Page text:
Click on photographs to enlarge.
Keeping a breed that lays well and that will produce a cockerel for the table has been an on-going activity for poultry keepers for many years and I am no exception. To be able to table a well built bird for a meal, knowing that bird had a free-range natural lifestyle (or as natural as possible under available conditions) is very satisfiying.
WELSH BLACK X WELSH BLACK First year cock.
Breeds such as the Sussex and Dorking were bred for just that and in thoses days the strains were bigger than today. Now I’m afraid you will not find many pure breeds that will be worthwhile as far as converting grain to meat by the time they have reached maturity.
Birds taken on to that stage will be a totally different taste and texture to the chickens you buy in a supermarket. Supermarket birds are dispatched at around 60 days from hatching,some even younger. The birds I take to the table are free-range and carry more dark meat on the legs being bred usually from a first cross traditional breed or line bred from existing stock.
The commercial poultry industry is a massive . There are ‘super hatcheries’ that handle hundreds of thousands of chicks a day, all automated and high tech. It’s a multimillion £/$ industry.
Over the last 50 years there has been vast amounts of money invested in breeding poultry that either lay eggs or are table weight ready in a few months all these birds were bred for commercial production millions and millions of them all across the world.
They are examples of what man can do to a creature, if there is any money to be made doing it. You cannot get anywhere near the weights on breeds bred for the commercial market using traditional breeds and if you want a quick table bird get them, but somewhere along the way ethics must come into what you consider a suitable life for a bird you intend to eat. Likewise a commercial hybrid layer will produce far more eggs initially, but burn out after the first laying season. A pure bred bird, depending on the breed and strain will out lay a hybrid as it lays for more seasons.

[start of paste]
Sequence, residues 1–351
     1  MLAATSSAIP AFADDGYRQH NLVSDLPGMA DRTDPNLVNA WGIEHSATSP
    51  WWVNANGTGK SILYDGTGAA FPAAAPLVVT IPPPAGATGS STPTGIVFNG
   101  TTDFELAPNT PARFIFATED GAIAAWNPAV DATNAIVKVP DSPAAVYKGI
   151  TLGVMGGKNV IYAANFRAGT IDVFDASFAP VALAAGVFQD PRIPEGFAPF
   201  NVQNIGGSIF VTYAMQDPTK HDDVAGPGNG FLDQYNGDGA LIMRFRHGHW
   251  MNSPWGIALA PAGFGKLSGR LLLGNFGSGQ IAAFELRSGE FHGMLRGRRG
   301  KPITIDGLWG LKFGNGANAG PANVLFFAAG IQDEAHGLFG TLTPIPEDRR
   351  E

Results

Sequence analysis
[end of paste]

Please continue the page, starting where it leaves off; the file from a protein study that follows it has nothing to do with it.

Keepers have been using an Indian Game crossed with another heavy breed for years, the main reason being the amount of breast meat this breed carries and that’s what all the commercial strains are based on, but in my opinion the research and development programmes have gone to far. Birds that just eat and in some cases are reluctant to get up and roam around because of the weight they carry are not my idea of ethical farming/rearing.
Over the years I have bred most crosses using an Indian Game Cock penned with a heavy breed hen and they were ok but!
What I came to realised was that I needed a cross that would ‘nick’, in other words the genes that both breeds held in their make-up would combine to realise a good all round bird.
Instead of usual use of an Indian Game as the male line, I used an Australorp cock and penned him with just one Dark laced Indian Game hen that was from a good laying strain
I had improved over the years by only breeding from the best layers. Australorps are top layers and the cock I used was from a good line, so I knew he would carry good egg numbers into the gene pool from this mating. I used just one hen to start this project, so I would be sure the foundations of the breed were sound and get a 50% split of genes from both birds and be able to correct any bad points that may crop up in later generations.
The resulting chicks were all jet black with rose type comb. To make the assessment I hatched 26 chicks, all from the one hen under broodies or in the incubators and only 2 eggs failed to hatch, both got broken under a broody, but were fertile.
The chicks grew on well with no loses. They feathered up fast and went out of the brooder onto grass and grew away well and as they were all black and born in Wales I called the Welsh Black Fowl.
At 28 weeks they had grown well and I took all but 3 of the cocks for the freezer. They plucked easily and dressed out at around 7lbs. I only fed them on a corn diet and free-range.
The pullets were very good layer and giving at least 5 eggs a week in lay.They are a calm easy going breed and the only slight downside is her habit of going broody. The eggs were of a good size and buff in colour.
The following year I penned a sibling mating (*Brother-Sisters*). I chose the best cockerel out of the bunch and mated him to 3 pullets. The chicks were again strong growers and came out mainly black with some dark Indian markings on some of the pullets and a couple of gold hackeled cockerels that were a lot larger than the rest. All but 2 had rose combs and those 2 had single combs and all had slate coloured legs brought in by the Australorp.
The following year this cock was mated to 2 Indian Game.
The intention was to improve a strain of Indian Game that were bigger and laid more eggs. I knew I was stuck with the pullets going broody, as the genes for ‘sitting’ were fixed from both sides of the original mating and I had not selected to remove that trait. For now I was happy with what I had done and waited another year to see what this mating would bring.
I set 40 eggs that season and had very good results. They hatched looking like dark Indians and again grew away and feathered up fast, ( a gene factor that luckily had carried through from the Australorp side). The birds were a good size, even though I’d bred them back to a smaller bird on the female side,I guess the large size of the male balanced them up.